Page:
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When I moved to Wisconsin from England twenty-five years ago I had no idea what I was getting into. My only preparation for America had been episodes of the TV show “Dallas,” all gleaming cars and sky-scrapers. I fell in love with the flawless skies, the lakes, the outdoor life and the friendliness of the people right away. But I felt unmoored, at sea in this place where everything—language and landscape alike—was familiar but altered, where even the simplest words could mean something different: a “yard” was not made of concrete, “pants” were not underwear, “corn” was not wheat, a “brat” was not a nasty child. Many of the words for greetings, vehicles, roads, fuel, sports, education, clothing, holidays, foods, and times were different, as were the systems for weights and temperatures. The landscape of the West Midlands I’d come from was farmland dotted with lakes, but it was not at all like the Midwest. Even the state symbol, the badger, caused a cultural jolt for me. English badgers were shy, peaceable woodland creatures, unlike their bold, belligerent cousin on the UW team logos.
The thing that most helped me put down roots as an immigrant was getting to know Wisconsin food and the people who grow it. That first fall I visited a farm where I dug potatoes, picked apples and bell peppers and came back with a trunk-load of food bounty, intoxicated by the abundance of the land here. A quarter-century later, I still vividly remember the joy of digging up those potatoes that searing blue September day, the ones that got pierced by the fork tines, the crumbly, black soil. Potatoes grew back home too. But many of the Wisconsin crops were foreign to me, exotic vegetables I associated with the warmer climates of France or Italy. I had to learn to call courgettes “zucchini” and aubergines “eggplant,” both of which grew to sizes here that I’d never imagined. That year I ate so many new things: cheese curds and sweet corn, blueberries and maple syrup, asparagus and musk melon.
Walking the Madison farmers’ market always made me feel happy. I began going every week and started to get to know the vendors—the man who sold antique apple varieties, the sheep cheese guy, the Hmong vegetable wizards, the Amish bakers. But these were all appetizers: I was still a food tourist, buying only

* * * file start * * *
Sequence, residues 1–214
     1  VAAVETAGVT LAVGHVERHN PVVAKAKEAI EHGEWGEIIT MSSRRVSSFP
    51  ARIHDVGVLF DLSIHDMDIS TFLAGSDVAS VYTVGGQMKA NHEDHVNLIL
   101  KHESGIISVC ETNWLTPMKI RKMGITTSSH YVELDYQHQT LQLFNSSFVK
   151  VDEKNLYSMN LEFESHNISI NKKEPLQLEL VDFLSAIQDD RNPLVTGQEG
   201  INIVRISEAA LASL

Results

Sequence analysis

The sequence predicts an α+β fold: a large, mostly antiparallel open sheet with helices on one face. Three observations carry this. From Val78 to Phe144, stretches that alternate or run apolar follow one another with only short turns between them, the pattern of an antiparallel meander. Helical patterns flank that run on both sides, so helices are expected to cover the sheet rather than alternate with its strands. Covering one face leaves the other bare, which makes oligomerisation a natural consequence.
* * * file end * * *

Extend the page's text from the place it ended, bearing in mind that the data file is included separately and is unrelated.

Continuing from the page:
on a whim whatever caught my eye. My real apprenticeship in Wisconsin food began when I signed up with a Community Supported Agriculture farm to receive a box of vegetables every week. It came with a weekly update from the farmer, explanations of the sometimes esoteric things in the box, and recipes for cooking whatever it contained.
Those CSA years were transformative for me: I learned what was being harvested when, and how local weather conditions impacted what was being grown. If it was unusually wet or cold or dry, there would be consequences in the box. I learned to love the luxuriant lettuces of June but not to expect them in August when it was too hot. Most of all, I learned to cook with what had grown that week; instead of starting with a recipe and finding the ingredients in the supermarket, I would start with the ingredients and find a recipe.
I learned to cook my way through the southern Wisconsin food crop sequence, much of which was new to me—from ramps and morels all the way through sunchokes and Delicata squash. Armed with a knife and a chopping board, I sliced my way into the mysterious things I would find in my box. The first time I cut into a Beauty Heart radish, I was stunned—it was an art work. I diced and grated, tossed, sautéed, roasted, stewed and grilled, at first following instructions but as the years passed developing my own instincts for what to do with my ingredients that week. I learned that sugar snap peas are my favorite vegetable and that the ribs of rainbow chard glow when you hold them up to the sunlight. And along the way, mouthful by mouthful, I found myself at home.
Listen to Community Supported Agriculture on Wisconsin Public Radio, March 2012.
Published in Wisconsin Trails as Food Tourist May/June 2012.